What I’m saying is you could put your version of the derby out there, and have all the trappings of the sport exactly the way you want it, and it wouldn’t lure people in the way it ever used to. Not until people give a crap about skating—and not in an ironic way. The skating fad has to come back into fashion for derby to really take off. Rule changes to keep the game exciting to watch are a distant second. That’s my opinion, anyway.

    • I am in no way advocating a return to Derby of the 60s and 70s……If it is to grow and become a leading spectator sport the fully competitive nature of the game must be a part of it. But there was a continuous action and motion that were part of it that can be transcribed to today’s version and some rulesets are utilizing them. And just so you know, Roller Derby never had any relationship to the popularity of roller skating or ice skating per se, and neither activity was anywhere as popular then as they are today. if you viewed the attached clip explaining the rules, you will understand what I meant by continuous action.

  2. I like your comment, OatmealEater! I’ve read that one of the reasons Roller Derby died out the first time around was that there was no amateur/recreational roller derby – no kids playing roller derby in the street, or at a league at a local rink – so no educated fan base. When Leo started the first Roller Derby, 97% of Americans had been on roller skates – so skating was definitely more popular! (Jerry, please correct me if I’m wrong – that’s the figure I’ve been teaching for 3 years!)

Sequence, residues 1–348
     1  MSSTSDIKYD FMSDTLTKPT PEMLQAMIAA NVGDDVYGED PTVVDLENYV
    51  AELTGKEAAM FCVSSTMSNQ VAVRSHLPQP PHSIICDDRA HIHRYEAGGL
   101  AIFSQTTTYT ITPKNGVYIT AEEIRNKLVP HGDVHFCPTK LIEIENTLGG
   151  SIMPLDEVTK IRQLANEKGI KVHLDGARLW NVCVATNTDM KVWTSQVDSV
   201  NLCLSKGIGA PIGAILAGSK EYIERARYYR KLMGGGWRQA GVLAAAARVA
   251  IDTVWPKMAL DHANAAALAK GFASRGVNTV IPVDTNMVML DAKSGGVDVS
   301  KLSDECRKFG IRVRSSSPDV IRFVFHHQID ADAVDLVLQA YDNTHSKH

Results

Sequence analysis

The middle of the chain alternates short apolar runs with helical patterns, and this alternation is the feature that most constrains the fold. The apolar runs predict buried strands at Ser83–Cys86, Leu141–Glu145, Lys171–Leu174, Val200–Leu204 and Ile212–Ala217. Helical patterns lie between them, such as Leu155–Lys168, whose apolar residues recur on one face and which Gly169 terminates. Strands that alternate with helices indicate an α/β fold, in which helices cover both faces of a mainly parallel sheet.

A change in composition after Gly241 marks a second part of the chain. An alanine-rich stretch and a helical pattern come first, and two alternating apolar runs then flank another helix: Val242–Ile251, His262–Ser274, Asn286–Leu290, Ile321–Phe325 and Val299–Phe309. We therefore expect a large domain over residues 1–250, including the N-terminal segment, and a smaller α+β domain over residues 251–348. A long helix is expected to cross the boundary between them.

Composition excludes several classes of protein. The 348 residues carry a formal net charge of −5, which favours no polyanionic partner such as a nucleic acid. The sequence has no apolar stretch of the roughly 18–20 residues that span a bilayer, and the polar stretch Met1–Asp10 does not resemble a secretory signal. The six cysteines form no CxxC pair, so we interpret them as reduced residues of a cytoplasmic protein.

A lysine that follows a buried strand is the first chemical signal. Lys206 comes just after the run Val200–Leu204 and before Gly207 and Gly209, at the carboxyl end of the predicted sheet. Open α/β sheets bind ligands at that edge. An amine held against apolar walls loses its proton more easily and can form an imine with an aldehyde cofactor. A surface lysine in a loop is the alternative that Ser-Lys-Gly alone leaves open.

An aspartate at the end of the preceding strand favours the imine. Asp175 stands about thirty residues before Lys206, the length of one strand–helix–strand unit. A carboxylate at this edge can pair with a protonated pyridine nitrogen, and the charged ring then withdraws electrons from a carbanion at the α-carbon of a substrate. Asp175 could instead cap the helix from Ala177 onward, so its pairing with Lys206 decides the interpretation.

WFTDA seems to be trying to achieve that again – wanting to only have top-tier, internationally competitive teams. Witness the constant raising of “basic skills” requirements to participate in *any* WFTDA activity – making it harder to get new Roller Derby players.

    I think rule changes to keep the game exciting, and make it easy to understand, would help make skating more popular. Maybe they’d even make Derby more common and popular.

    I’ve often wondered – what would pick-up Roller Derby look like? If a bunch of kids wanted to skate around a parking lot and play “Roller Derby,” what would they do?